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World-Class Rock Art at Seminole Canyon State Park & Historic Site

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Seminole Canyon State Park & Historic Site is located 40 miles west of Del Rio, Texas. Its interpretive center exhibits provide an overview of the rock painting tapestry that awaits visitors but belies their scale of magnificence. Guided tours of Fate Bell rock-shelter are available, together with Presa Canyon (involving strenuous hiking), and Upper Canyon, but nothing will prepare you for the beauty and impressiveness of the world-class rock art that exists at this state park location.

A few of the paintings depict animal figures in simplified fashion, including mountain lions, deer, turtles, rabbits, and birds. Still, others portray human figures, some with outstretched arms, some holding a staff or perhaps a spear. The representation of humans includes rectangular bodies; some without heads; some with animalistic heads including deer or birds. And in some instances, fringed lines radiate from these existences.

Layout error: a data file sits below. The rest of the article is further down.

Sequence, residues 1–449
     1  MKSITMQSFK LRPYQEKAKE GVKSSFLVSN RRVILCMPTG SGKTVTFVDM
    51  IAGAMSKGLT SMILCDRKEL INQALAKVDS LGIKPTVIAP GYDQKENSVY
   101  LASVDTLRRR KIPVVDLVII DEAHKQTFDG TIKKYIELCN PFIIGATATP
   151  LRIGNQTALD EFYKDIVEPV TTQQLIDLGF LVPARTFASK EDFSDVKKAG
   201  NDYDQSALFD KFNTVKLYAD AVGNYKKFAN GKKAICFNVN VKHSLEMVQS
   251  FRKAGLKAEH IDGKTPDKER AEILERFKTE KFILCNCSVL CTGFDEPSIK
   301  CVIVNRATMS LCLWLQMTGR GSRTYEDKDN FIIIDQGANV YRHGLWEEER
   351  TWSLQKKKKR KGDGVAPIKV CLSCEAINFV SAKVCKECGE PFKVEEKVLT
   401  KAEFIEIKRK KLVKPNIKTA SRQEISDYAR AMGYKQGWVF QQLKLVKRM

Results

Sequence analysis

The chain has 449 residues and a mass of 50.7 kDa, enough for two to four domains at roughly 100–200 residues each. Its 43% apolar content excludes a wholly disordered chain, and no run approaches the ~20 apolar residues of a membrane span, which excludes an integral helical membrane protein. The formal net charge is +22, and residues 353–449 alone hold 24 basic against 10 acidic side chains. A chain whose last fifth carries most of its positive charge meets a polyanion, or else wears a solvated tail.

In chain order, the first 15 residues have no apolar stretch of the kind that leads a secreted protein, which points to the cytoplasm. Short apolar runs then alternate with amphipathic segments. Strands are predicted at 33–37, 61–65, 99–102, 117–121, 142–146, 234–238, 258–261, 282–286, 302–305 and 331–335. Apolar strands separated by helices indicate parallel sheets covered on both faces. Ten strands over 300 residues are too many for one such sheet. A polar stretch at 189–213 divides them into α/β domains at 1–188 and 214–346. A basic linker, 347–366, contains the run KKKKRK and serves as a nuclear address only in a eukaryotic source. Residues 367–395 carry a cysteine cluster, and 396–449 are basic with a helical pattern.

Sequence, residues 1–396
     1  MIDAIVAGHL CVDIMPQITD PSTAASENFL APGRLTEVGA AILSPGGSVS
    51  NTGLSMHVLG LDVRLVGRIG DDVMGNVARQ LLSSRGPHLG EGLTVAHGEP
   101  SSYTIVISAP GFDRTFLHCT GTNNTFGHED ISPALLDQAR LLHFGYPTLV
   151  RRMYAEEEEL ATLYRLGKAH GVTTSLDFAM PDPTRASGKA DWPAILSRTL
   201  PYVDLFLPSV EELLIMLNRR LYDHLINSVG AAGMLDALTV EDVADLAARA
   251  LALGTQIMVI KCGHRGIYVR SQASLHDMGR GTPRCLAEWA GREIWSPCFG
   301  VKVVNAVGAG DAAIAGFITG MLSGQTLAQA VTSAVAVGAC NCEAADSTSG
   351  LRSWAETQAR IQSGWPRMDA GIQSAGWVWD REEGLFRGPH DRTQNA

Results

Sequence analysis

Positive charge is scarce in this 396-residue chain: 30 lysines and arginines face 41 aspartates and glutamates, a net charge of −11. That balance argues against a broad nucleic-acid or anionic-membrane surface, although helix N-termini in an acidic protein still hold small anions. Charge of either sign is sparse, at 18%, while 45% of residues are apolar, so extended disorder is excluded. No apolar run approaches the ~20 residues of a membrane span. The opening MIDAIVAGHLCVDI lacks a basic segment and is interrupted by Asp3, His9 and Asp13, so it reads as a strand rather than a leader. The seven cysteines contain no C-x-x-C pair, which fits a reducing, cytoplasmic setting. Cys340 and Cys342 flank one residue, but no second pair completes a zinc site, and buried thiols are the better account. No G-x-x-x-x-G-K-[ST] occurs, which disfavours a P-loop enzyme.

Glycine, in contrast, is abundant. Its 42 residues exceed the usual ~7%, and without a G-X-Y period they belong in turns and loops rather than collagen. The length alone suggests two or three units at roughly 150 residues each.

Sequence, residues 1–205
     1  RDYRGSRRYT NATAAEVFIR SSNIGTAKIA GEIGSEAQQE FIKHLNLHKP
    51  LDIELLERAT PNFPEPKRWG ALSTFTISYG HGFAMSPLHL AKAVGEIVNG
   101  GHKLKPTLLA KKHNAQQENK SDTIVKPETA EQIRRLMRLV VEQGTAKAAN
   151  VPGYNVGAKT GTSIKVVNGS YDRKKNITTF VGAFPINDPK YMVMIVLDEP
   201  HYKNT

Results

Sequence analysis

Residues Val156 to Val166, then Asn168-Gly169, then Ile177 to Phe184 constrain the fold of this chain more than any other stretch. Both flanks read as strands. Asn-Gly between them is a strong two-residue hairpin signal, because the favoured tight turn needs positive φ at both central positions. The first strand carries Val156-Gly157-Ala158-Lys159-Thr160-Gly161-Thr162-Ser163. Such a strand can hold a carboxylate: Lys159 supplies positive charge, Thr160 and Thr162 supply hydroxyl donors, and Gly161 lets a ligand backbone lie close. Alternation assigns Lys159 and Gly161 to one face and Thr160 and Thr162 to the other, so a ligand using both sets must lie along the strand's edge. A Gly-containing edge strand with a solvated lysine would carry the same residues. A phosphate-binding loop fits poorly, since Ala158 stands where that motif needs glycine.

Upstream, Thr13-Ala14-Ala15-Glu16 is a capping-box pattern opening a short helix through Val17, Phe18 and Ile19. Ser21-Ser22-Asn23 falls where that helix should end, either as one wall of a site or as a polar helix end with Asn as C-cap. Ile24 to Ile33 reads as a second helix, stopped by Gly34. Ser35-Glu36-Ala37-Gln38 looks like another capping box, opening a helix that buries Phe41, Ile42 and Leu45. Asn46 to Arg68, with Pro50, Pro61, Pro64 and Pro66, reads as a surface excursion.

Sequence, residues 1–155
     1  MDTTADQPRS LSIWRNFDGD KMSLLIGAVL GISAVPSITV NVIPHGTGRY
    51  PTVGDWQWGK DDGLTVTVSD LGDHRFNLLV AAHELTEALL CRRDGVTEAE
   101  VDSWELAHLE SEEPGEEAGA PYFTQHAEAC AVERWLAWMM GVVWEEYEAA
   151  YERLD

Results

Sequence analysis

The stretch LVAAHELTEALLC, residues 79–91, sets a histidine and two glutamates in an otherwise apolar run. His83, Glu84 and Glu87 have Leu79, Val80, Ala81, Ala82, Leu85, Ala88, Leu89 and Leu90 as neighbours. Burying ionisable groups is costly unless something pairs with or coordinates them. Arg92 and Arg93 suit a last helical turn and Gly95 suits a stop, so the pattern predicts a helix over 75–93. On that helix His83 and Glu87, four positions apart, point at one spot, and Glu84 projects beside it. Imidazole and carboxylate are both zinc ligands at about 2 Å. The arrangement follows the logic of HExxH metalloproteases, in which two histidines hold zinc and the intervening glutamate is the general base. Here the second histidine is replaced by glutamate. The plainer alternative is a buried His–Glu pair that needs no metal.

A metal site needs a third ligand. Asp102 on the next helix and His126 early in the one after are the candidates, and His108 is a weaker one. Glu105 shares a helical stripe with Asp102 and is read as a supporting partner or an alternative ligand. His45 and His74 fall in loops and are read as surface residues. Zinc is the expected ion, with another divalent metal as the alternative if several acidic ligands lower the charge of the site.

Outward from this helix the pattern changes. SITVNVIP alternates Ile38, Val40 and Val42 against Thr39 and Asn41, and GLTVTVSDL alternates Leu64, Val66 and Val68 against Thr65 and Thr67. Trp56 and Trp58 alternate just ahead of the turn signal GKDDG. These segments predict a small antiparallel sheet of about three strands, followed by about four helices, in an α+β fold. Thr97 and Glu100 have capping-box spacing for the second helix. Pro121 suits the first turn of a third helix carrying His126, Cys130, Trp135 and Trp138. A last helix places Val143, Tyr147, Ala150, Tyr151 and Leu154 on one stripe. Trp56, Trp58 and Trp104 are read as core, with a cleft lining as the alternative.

Featured in this video by Texas Parks and Wildlife on their official YouTube Channel, the park features Pecos River-style rock art, characterized by monumental, multi-colored pictographs. Ages of wind and water have carved a myriad of canyons out of the rolling plateau that surrounds Lake Amistad in this region. These same natural forces carved into the limestone canyon walls forming numerous overhangs which, for eons, provided rock-shelter living quarters and ceremonial sites for the prehistoric people of Texas. Visit a different type of gallery at Seminole Canyon State Park & Historic Site, where art and living intertwined, leaving behind only remnants of a society existing at a time when world-class rock art may have been frowned upon, if for nothing other than telling you where to hunt, how to survive, and what to expect from life.